BAIER: Here's the Pentagon today and the White House reacting. Again, a lot of questions about this today at both hearings.

(BEGIN VIDEO CLIPS)

PETER COOK, PENTAGON PRESS SECRETARY: I don't think our picture of Iran has changed all that much. They have shown a willingness to conduct themselves in ways that we don't think add to the stability of the region.

EARNEST: One of the things that President Obama will discuss at the GC Summit in Saudi Arabia next month, or I guess it's later this month now, will be ramping up our efforts to counter Iran's destabilizing activities in the nation.

(END VIDEO CLIPS)

BAIER: You have the ambassadors of these gulf nations sending up flairs, Charlie. They're saying, wait a second, this is happening. This is all falling apart here.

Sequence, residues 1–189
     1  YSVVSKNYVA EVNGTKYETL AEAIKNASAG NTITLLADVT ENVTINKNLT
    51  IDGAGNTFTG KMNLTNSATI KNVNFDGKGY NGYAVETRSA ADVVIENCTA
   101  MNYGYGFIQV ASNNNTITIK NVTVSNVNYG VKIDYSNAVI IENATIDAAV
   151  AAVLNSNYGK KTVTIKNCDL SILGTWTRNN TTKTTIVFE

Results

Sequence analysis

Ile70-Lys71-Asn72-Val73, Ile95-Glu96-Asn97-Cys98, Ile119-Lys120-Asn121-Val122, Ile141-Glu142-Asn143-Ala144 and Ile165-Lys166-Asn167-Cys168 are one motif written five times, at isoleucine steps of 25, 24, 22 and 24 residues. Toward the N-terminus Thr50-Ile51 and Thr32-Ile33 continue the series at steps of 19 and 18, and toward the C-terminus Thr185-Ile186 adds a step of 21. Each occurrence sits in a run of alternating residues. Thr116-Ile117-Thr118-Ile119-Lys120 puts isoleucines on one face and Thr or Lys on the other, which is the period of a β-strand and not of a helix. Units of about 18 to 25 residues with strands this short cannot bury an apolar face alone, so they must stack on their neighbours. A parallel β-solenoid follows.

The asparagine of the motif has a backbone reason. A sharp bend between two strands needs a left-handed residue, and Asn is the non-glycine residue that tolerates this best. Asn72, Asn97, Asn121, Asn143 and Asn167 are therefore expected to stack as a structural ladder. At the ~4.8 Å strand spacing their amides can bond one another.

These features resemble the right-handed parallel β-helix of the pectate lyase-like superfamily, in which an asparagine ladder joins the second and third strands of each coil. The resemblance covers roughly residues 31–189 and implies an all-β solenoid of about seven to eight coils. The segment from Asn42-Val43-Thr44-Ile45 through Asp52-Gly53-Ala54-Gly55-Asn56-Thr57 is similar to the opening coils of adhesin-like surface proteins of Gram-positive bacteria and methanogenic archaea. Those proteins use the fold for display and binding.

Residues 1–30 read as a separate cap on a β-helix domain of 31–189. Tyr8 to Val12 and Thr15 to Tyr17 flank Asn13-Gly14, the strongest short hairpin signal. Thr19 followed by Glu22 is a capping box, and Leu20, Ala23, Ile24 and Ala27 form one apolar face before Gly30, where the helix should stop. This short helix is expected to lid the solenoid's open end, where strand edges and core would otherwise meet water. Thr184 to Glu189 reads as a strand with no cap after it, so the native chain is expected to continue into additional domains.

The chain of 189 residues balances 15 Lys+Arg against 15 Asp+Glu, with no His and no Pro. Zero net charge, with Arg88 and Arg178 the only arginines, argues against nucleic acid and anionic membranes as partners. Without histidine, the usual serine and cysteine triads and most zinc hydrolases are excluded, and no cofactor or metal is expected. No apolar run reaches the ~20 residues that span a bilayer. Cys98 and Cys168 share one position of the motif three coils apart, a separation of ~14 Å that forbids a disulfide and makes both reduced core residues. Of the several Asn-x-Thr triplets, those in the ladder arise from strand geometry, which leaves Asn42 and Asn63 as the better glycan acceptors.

CHARLES HURT, THE WASHINGTON TIMES: Yes, President Obama is fond of talking about how the arc of history bends towards justice. And what he -- and we're seeing this play out right here. What he forgets or fails to realize is that it only -- that arc only bends toward justice when good people do good things and smart things. And from the beginning, the idea of giving all of these rewards to Iran without getting any concessions from them, the idea that they can launch these ballistic missile tests, missiles that absolutely could reach into Israel, the idea that these weapons shipments to Yemen are not a violation of the letter of the law, letter of the agreement, just shows that his foreign policy is hope and change and close your eyes, because there is no willingness to use American might and American principle to force change.